I have seen this scene many times, and each time it moves my heart to wonder: What signal does the lead goose give and why do the others patiently wait for it before taking off in unified motion.

Backyard Birding for Kids: An Introduction to Ornithology

With bird facts, an identification guide, and how-to instructions, this is a perfect children’s introduction to bird-watching.

You’ve seen birds in your backyard or at the local park. Now become a young ornithologist. Learn all about the scientific study of birds. Author, birder, and outdoors researcher Erika Zambello presents a kids’ introduction to birding. The children’s book, ideal for early and middle-grade readers, conveys fascinating information for beginners. Kids gain an understanding of such topics as bird anatomy, life cycle, and habitat.

From there, readers are introduced to 60 different species of important birds to know. With chickadees, hummingbirds, owls, woodpeckers, and more, the field guide section serves as an identification aid and offers information about when to look, where to look, and what to look for.

A how-to section provides advice to help children get started birding—with practical tips on attracting birds to their yards. There are also fun activities for the entire family to enjoy, a wonderful way to turn birding into a shared hobby. The activities range from simple, like leaving out nesting materials, to advanced, such as planting a bird- and pollinator-friendly garden.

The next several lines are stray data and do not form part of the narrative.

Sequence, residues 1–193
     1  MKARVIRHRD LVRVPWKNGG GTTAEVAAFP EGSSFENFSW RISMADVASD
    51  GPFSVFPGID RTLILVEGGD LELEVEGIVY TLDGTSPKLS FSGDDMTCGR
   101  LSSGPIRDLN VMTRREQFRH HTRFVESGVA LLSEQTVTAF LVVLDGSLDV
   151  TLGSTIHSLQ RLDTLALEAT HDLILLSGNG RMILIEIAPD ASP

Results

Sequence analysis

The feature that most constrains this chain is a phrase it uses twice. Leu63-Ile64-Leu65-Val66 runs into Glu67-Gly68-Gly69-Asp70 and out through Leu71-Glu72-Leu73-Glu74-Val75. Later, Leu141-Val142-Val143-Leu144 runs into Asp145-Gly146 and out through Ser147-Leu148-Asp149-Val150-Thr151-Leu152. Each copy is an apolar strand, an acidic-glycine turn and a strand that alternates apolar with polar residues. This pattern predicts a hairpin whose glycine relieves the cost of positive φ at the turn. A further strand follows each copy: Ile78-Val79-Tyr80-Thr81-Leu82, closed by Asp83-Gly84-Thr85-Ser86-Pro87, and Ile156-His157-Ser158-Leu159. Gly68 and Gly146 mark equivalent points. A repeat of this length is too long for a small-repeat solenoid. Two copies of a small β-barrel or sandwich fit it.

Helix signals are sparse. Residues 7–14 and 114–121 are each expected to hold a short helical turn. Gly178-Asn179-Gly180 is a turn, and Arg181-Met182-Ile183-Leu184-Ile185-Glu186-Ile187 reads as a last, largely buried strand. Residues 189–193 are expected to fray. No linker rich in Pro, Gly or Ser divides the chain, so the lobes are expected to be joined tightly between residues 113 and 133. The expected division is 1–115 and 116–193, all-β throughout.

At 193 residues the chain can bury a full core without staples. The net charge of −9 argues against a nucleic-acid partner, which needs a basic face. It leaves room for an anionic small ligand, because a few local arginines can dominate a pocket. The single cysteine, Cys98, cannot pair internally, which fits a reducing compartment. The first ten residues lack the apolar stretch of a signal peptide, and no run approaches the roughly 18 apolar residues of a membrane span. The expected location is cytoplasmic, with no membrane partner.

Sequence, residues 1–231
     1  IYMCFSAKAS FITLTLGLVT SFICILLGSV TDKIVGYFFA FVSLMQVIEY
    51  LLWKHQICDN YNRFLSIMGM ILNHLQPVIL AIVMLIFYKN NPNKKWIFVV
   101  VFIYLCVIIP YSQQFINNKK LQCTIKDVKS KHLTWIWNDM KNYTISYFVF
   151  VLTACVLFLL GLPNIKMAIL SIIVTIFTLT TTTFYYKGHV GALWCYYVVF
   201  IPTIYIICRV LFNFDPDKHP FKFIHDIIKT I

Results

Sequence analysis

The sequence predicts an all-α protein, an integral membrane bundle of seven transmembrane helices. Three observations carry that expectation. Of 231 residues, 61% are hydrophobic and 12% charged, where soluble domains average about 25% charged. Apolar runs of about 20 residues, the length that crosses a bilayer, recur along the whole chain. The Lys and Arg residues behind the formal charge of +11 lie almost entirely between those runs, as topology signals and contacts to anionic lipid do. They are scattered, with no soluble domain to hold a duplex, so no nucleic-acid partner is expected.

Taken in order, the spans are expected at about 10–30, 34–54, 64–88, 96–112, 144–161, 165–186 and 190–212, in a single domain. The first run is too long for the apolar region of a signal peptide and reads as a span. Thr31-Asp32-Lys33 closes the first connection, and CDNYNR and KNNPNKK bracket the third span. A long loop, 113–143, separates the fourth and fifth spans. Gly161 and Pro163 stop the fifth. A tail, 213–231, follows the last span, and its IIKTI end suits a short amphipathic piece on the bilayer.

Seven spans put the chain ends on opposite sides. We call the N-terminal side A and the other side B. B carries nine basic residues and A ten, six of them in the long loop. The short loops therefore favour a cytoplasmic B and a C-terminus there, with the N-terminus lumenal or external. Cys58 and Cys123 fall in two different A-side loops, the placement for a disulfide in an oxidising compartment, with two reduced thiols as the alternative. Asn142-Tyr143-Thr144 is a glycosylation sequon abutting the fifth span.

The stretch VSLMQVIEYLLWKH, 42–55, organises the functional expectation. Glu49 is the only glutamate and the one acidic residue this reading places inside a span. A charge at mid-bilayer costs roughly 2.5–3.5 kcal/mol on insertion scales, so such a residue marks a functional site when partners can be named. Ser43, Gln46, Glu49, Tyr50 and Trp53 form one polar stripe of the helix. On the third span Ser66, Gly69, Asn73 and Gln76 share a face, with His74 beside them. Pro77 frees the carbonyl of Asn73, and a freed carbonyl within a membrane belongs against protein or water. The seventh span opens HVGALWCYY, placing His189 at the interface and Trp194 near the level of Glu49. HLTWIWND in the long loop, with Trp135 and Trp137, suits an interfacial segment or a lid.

Inside You’ll Find

  • how-to section, including details on getting started
  • The basics of ornithology
  • Identification guide to common and important birds to know
  • Bird-related activities that the entire family can enjoy

Click here to purchase


The Role of Birds in World War One:
How Ornithology Helped to Win the Great War

The British Expeditionary Force sent to France in the late summer of 1914 has been referred to as ‘The Best British Army Ever Sent to War’ as it was one of the most highly trained and disciplined forces in the world. It was also the ‘Best Birdwatching Army Ever Sent to War’ for among its ranks were hundreds of both amateur and professional ornithologists. When not fighting many soldiers turned to birdwatching as a way of wiling away the long hours spent on guard duty or watching over ‘no man's land’. As a result, the hobby ranked as one of the most popular past-times for soldiers at the front, on a par with smoking, writing, games, gambling, sport and shooting rats. The list of birds seen by soldiers serving in all the theaters of war was truly impressive ranging from the common like sparrows, skylarks and swallows to the exotic like golden orioles, hoopoes and bee-eaters.